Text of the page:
In Monday’s edition of The Highlight Reel, I talk at length about the infamous production house known as The Asylum. The Asylum is a place where ideas and dreams are made into living, breathing reality in less than 4 months. Now, even though The Asylum is somewhat notorious for basically piggybacking on the multi-million dollar blockbusters churned out by Hollywood by producing ultra-low budget facsimilies of those films, known as “mockbusters”, I still think there’s a lot to love about them. I go into this in more detail on the show, but in case you don’t listen (you totally should, though), a few key facts about The Asylum for you: Most of their output is based on ripping off big-budget Hollywood blockbusters. They come up with cool titles before they write the stories and scripts. They shoot these films in a matter of weeks, sometimes days, and the film is ready for release within 2-4 months. They make them for under $1m each. And, most importantly of all, they’ve never, ever lost money on one of their mockbusters.
Now, given that these films are hastily scrabbled together to capitalise on whatever Hollywood is doing, it’s fair to say that none of them are really rivalling Citizen Kane and The Godfather for the critics’ affections. In fact, if you go into an Asylum movie with your Film Critic hat on, and look objectively at the pieces of each movie, they’re almost all pretty awful. That doesn’t mean they can’t be worth watching, however, and several of them manage to be much more watchable that the sterile Hollywood originals that they’re based on. While many of them are just plain bad, the so-bad-it’s-good-o-meter (which I always make sure to have on me in case someone sets upon me and forces me to watch an Italian horror movie, safety first kids) measures high on a select few. I singled out Transmorphers and Snakes on a Train in The Highlight Reel, but I also gave special praise to another film which I felt was head and shoulders above the rest of their output, both in terms of pure entertainment, but also in terms of being a surprisingly good action film on its own merits. That film was Abraham Lincoln vs Zombies, a film which centres on Abraham Lincoln. And zombies. You can’t say you don’t know what you’re getting.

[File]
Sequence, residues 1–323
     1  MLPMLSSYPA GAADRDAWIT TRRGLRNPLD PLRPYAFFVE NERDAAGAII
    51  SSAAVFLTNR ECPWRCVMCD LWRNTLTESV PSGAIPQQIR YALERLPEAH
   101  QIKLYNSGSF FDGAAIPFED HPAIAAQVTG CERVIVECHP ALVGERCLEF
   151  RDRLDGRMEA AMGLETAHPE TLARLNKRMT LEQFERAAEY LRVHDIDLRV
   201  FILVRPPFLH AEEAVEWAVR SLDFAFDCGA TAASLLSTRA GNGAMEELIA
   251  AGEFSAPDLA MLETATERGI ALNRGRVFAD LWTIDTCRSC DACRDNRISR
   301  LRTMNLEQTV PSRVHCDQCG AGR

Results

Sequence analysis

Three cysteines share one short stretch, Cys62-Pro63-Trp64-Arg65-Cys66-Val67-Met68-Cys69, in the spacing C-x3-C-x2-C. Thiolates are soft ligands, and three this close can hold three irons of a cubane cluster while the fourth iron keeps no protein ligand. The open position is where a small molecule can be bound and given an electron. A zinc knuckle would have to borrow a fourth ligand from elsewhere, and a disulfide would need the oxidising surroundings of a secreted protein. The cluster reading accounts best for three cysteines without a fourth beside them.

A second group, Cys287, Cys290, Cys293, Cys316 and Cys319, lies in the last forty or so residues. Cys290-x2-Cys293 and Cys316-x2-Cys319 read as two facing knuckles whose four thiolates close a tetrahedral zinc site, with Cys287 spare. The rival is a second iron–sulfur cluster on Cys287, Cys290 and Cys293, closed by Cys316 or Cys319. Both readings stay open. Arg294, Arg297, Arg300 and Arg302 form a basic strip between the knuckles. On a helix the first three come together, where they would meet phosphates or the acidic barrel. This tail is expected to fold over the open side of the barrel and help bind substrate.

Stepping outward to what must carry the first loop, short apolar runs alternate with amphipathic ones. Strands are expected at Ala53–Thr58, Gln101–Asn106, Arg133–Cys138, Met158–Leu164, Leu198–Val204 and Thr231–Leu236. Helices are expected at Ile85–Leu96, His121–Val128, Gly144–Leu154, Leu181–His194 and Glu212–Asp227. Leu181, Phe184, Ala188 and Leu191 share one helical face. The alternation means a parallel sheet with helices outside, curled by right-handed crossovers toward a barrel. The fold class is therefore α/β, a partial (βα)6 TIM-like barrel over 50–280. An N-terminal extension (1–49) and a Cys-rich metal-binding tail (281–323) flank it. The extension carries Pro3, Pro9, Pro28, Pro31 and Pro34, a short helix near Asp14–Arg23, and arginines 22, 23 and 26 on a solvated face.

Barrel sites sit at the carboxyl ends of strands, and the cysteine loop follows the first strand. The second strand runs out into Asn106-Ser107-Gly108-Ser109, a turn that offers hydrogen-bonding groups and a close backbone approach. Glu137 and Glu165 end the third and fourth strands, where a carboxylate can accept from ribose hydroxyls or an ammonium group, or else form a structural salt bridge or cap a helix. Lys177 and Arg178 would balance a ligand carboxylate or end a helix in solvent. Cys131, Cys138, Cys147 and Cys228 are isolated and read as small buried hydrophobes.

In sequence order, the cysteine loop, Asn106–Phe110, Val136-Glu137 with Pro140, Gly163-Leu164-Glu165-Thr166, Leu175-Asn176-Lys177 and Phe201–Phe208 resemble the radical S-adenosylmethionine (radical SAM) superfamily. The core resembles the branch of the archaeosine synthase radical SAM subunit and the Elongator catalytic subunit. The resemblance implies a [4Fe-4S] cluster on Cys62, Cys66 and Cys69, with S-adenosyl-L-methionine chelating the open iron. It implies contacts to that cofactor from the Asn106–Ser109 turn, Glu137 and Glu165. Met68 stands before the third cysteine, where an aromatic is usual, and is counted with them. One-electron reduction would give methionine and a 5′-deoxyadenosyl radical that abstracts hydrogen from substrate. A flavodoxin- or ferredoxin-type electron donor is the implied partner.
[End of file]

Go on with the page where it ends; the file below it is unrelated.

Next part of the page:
Spoilers: you get this.
This film is based on Abraham Lincoln: Vampire Hunter, a film which itself sounds like it could well be a product of The Asylum, but which bizarrely tries to play the concept of the most famous US president in history slaying a bunch of undead ghoulie types as straight as possible. No such problems with Abraham Lincoln Vs Zombies, however. In films such as this, the plot merely gets in the way, so it’s best to treat it with the same discourtesy here. There’s a zombie outbreak in the midst of the American civil war, so it falls to one of history’s most famous badasses (and allegedly the pioneer of the chokeslam, don’t you know) to take them down. So, he and a group of his aides head down to a Confederate Fort, form an uneasy alliance with some of the soldiers there, and set about killing some zombies. Those two sentences probably took longer to write than the entirety of the plot, and really, it’s pretty standard zombie movie fare if you strip away the faahbulously flaahmboyant southahn accaints, fancy-dress-shop-window outfits and hilarious glued-on facial hair.
But really, why would you want to strip away this?